The last two years have been Amaze-Balls for me. Never, ever, NEVER in my wildest dreams had I ever envisioned I would have been invited to the White House, be listed as a top African American Influencer, be at Cornell, or become a TED Fellow. It's exciting, and also overwhelming. As a response, I starting shrinking. I not shy, but I found the raised visibility made me feel like there was a bulls eye on my back. I thought by toning down, redirecting my energy I could get things under control. But I haven't; and that's because I wasn't redirecting my energy for me - I was redirecting my energy for other people. I was prioritizing other people's feelings over my own thoughts, needs, and ambitions.

The problem is...the prevailing academic climate cultivates insecurity. It just does. It sucks. And it seems to take an especially big toll on individuals from under-represented groups. Yeah, yeah, yeah, science academia has its hazing practices, but this stuff just doesn't seem to ever go away with women and men of color. Like never. 

I get a lot of emails from young women of color in the sciences. Most of them are graduate students. And I've gotten "what should I do" email from them confronting the similar stuff. (In fact,they seem to be universally dealing with the same thing: an avalanche of microagressions, being ignored by peers, forgotten by advisors, committee members or other senior faculty.)

I had to acknowlege that I would not advise any one to do what I was doing. I was playing the "Do as I say, not as I do" card.

But who's my Dear Abby? The professoriate is still overwhelmingly white and male. This despite the years and money and energy to diversify the ranks, especially in STEM fields (science, technology, engineering, mathematics). Oh, I have  sister tribe. They rescue me, pull my chain, fix me a drink, and pat my back when I need it. 

The most visible, activist, WOC in STEM right now are other junior scholars: Dr. Rubidium, Dr. Chanda Prescod-Weinstein, Dr. Monica Feliu-MojerDr. Jedidah Isler, Dr. Isis - who only very, very recently just became a junior faculty member).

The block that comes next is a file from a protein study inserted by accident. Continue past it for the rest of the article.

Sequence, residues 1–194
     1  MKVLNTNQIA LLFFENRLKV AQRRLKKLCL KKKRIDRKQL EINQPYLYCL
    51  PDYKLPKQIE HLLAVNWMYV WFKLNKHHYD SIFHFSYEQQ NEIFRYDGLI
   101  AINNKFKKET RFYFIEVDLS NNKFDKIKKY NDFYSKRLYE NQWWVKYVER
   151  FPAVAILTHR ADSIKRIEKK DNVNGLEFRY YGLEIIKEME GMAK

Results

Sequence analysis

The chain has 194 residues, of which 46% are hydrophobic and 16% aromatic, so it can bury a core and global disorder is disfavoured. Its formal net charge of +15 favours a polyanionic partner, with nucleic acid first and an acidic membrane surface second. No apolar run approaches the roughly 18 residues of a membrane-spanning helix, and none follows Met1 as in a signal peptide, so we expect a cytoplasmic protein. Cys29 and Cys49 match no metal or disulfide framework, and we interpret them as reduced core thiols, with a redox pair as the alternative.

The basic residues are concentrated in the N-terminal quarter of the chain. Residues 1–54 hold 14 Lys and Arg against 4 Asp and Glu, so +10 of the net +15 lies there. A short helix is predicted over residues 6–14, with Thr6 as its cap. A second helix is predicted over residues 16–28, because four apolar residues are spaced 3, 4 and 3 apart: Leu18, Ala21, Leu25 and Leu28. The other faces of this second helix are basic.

Let that soak in for a minute.

There are days I wish I could just sit at the feet of either of the Dr. Shirleys? And cry, and be fed, and told to keep my chin up, and stay in it. It's hard. And exhausting. But the Dr. Shirleys represent grand high status, where are the senior women in the academic halls? I mean those still teaching and researching at the the department level. Yes, administration level leadership is important, but department level presence is essential, too. We need presence in lecture halls and search committees, and plenary discussions at conferences. Is there really that much of a gap?

I recently attended a workshop at #SACNAS2015 on identifying mentors, sponsors, advisors and collaborators. As I was filling out my sheet, I halted and my eyes began welling up. My list was half empty and included mostly other junior scholars, mostly women of color and no white men, this despite the fact that most of my colleagues and superiors are white men and women. I realized that I was feeling traumatized. Because of some past experiences - of being hazed, or harassed, having opportunities hoarded away from me and/or other people of color, of being questioned (repeatedly) about my credentials, of being silenced or erased or minimized that I was skeptical of individuals who held more power than me - both professionally and socially. 

It explains why I have spent so much time and energy shoring up capital outside of the typical science adacemic ladder. I never wanted to be completely vulnerable to abuse, or exploitation, or the whim of a single individual or institution. I still hear too many stories, TODAY, of students and scientists being dogged out by advisors or administrators who have them tethered to a short, jagged chain all because they don't have any allies or outside capital. This is how toxic relationships are made. This is what causes departmental sepsis and leads to bitter nasty interactions between colleagues. This is how you fail to diversify the sciences. This is how you run good people away.

And it's not that anything is actively happening with me right now. I'm defensive and that is bothering me. My past hurt is interferring with my current joy. Damn. You see how dysfunction propogates?
Academia really needs a mental health check up. For reals.